I'm a little bit of a grammar person. I used to think I was more of a grammar person. After all, I attended school when English was a subject we spent time on every day. I have fond memories of copying sentences out of our textbook and choosing the correct verb.
Now that I have read Confessions of a Comma Queen I know that I am very certainly not a grammar person and I have a lot to learn about the English language.
Although I really enjoyed Between You & Me, Norris almost lost me a few times:
"The Latinate term for subjective is nominative, which is easy even if you don't know Latin, because to nominate, in English, is to name and a noun is always the name of something. But not all verbs can be the verb "to be" (although there are some that behave that same way), and nouns don't always stay in the subjective case. It all depends on the model of the sentence (85)."
I'll admit to being nearly clueless to all of this, but then she would grab me again and it would be alright.
Despite the fact that I had to do a little thinking, I really enjoyed this book.
I have fond memories of teaching serial commas to my elementary students. Now, finally, with Norris' help I understand how the serial comma has changed - something I have always suspected.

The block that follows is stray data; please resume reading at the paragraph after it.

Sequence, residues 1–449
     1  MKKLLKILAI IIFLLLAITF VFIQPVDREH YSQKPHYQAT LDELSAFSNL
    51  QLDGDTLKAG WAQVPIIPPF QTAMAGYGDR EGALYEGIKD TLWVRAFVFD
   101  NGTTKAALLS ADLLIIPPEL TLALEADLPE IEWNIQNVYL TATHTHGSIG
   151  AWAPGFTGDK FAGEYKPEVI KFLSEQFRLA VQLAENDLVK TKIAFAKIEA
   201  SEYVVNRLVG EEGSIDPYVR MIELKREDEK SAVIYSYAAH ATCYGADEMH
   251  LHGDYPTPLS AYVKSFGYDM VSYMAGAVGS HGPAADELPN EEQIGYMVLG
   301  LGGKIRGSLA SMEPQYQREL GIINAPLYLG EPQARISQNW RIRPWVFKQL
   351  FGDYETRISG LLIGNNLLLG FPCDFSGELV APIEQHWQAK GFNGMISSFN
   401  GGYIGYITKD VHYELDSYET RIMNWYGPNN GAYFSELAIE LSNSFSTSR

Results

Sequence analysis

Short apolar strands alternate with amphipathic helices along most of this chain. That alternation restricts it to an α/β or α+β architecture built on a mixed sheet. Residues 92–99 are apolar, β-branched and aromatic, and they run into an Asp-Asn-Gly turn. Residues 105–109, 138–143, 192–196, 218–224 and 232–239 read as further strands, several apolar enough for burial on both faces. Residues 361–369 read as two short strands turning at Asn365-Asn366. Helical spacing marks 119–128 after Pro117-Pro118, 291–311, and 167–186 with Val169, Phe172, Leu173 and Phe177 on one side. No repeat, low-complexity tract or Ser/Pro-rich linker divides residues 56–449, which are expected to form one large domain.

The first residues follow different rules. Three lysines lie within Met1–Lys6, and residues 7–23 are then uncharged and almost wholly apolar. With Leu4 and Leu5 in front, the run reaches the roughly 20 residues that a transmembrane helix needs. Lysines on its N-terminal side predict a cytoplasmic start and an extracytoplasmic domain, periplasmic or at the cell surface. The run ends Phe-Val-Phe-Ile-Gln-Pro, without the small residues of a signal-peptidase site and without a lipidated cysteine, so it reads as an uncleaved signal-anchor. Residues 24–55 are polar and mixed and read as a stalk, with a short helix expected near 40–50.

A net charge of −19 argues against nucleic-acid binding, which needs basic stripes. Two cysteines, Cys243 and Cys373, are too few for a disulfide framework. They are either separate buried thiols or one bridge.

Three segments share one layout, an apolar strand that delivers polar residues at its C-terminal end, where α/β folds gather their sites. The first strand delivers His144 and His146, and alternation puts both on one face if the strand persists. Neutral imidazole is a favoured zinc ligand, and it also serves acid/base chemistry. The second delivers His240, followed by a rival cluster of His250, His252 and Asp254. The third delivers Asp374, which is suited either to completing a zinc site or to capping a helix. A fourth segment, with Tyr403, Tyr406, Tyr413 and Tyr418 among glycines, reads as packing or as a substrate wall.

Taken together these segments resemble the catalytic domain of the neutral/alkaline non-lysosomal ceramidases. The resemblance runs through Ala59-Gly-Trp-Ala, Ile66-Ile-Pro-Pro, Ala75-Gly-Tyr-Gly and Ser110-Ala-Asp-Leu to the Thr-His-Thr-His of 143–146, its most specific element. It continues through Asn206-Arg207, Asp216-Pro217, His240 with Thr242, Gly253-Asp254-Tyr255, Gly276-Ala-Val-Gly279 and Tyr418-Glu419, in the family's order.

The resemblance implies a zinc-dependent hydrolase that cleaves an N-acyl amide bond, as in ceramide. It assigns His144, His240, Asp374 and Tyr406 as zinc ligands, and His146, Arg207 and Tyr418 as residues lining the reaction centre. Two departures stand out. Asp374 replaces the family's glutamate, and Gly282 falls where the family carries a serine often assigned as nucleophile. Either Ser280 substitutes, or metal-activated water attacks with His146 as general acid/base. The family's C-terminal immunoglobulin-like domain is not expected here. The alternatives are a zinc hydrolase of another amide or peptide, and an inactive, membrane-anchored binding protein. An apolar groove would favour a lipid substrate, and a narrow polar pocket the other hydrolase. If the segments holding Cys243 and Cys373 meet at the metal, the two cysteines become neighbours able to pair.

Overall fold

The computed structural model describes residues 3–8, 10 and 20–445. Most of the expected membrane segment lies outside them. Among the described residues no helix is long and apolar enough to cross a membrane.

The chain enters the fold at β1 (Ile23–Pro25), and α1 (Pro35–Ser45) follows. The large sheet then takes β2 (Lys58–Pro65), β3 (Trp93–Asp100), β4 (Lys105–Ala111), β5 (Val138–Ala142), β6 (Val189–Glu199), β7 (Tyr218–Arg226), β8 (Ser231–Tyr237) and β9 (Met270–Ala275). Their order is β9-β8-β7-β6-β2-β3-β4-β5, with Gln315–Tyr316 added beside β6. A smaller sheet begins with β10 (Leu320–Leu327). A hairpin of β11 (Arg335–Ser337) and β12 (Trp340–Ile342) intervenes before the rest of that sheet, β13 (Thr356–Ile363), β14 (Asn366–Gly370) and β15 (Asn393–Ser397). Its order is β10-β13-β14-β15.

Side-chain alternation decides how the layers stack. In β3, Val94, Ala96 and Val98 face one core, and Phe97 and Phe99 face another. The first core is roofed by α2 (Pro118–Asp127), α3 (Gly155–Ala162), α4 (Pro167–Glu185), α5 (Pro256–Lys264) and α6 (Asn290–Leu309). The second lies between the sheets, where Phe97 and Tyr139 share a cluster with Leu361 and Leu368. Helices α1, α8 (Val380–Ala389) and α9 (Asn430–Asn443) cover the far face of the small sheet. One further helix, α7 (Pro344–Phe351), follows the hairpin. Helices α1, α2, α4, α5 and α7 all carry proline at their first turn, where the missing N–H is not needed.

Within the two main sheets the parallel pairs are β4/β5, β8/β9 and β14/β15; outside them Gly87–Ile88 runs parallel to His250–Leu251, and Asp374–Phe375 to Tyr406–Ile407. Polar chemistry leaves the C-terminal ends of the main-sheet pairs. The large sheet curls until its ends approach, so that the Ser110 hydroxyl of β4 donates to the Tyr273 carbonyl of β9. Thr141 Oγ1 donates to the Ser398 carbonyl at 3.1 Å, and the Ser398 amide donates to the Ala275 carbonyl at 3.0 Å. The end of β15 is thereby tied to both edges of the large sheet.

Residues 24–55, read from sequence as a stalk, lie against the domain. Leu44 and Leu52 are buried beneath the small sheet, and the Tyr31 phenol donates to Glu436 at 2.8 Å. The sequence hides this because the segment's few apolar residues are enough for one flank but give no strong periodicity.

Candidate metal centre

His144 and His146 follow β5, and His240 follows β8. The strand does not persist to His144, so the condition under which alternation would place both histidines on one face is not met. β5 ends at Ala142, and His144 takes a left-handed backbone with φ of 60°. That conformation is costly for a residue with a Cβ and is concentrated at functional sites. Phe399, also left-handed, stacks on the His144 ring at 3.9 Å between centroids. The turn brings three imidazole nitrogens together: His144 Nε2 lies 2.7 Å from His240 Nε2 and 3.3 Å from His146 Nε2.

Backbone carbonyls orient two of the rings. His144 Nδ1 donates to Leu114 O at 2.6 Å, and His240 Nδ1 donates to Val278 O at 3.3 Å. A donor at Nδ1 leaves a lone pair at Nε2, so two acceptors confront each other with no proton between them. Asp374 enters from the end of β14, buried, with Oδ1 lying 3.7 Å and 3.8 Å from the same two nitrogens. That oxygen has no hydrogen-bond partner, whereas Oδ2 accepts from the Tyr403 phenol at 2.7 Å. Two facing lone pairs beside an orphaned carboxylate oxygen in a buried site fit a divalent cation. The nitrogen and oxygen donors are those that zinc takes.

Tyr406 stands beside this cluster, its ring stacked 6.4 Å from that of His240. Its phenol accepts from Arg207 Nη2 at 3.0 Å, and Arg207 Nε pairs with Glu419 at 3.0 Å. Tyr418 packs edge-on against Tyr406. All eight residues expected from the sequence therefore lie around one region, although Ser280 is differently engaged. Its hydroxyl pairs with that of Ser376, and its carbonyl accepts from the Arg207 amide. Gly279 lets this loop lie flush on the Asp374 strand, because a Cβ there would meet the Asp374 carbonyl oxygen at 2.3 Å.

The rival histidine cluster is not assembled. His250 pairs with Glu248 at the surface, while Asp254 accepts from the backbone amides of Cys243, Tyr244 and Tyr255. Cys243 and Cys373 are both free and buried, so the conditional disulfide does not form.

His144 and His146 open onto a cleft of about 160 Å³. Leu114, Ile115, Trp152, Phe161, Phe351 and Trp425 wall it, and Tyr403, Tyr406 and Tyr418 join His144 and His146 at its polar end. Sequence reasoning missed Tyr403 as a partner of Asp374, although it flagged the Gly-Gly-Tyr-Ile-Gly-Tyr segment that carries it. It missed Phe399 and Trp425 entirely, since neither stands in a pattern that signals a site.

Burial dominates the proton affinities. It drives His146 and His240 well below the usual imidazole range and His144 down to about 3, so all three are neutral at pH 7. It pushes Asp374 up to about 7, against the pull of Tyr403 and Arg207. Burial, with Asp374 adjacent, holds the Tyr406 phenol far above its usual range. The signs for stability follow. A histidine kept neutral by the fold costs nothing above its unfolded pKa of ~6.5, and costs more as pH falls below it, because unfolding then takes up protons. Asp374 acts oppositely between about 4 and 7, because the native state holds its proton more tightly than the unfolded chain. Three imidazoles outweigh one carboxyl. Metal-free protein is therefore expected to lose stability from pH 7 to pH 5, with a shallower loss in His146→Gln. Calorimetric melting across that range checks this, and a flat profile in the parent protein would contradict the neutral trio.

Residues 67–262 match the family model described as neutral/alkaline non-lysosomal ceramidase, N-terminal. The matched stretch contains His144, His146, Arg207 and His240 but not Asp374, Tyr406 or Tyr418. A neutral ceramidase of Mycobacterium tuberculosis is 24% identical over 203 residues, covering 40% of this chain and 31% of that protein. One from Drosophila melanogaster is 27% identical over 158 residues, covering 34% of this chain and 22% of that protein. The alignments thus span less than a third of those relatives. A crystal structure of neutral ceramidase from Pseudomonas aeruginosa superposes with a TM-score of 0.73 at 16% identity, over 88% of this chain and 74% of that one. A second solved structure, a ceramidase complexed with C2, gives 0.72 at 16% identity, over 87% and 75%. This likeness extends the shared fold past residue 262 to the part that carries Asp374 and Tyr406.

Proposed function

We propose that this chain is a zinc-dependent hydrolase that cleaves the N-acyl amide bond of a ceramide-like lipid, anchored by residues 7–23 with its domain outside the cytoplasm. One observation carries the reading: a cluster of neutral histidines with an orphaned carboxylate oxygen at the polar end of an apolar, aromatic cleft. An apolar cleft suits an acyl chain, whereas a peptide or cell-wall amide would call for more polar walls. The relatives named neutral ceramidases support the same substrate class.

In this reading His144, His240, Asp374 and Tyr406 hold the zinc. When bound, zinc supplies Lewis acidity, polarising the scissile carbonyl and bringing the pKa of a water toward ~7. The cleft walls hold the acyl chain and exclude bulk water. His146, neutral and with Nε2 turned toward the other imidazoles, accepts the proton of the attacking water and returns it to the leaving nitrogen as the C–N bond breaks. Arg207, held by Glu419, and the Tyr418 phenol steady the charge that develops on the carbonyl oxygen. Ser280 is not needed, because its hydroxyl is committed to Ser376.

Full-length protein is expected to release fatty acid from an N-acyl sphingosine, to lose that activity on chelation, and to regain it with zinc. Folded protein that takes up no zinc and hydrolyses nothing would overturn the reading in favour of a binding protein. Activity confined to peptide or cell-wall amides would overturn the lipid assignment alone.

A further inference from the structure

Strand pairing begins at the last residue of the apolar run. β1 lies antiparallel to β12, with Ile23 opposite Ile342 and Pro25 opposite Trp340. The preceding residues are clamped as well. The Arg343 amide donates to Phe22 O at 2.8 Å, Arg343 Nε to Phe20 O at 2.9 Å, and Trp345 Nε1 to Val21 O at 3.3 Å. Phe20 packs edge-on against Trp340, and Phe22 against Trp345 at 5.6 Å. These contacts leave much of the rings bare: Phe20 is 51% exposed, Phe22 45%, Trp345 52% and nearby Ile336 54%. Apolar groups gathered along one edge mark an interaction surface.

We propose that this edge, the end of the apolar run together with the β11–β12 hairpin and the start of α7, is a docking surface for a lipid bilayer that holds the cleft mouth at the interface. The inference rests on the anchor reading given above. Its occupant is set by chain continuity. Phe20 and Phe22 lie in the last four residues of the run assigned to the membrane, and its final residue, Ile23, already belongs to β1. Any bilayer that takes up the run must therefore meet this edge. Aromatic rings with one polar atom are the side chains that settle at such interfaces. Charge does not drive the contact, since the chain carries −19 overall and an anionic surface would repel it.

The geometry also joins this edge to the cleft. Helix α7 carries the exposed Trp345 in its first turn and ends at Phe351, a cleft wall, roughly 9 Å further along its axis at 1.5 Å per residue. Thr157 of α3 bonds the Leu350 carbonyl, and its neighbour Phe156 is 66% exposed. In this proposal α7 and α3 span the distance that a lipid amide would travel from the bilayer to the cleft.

And, while some people may not find word breaks and hyphens exciting, I was entertained by Norris' discussion about them.
Perhaps my favorite portion was the pronunciation discussion where Norris offers some input on how various words are pronounced - and mispronounced. Unfortunately I suffer from making some of the same mistakes that Norris also found herself making, and chuckling at others who were actually pronouncing the word correctly (I'm thinking de-TRY-tus vs. DET-ri-tus specifically. Who knew?).
Between You and Me is a book for people who love words and anyone who plans on using the English language in their lifetime.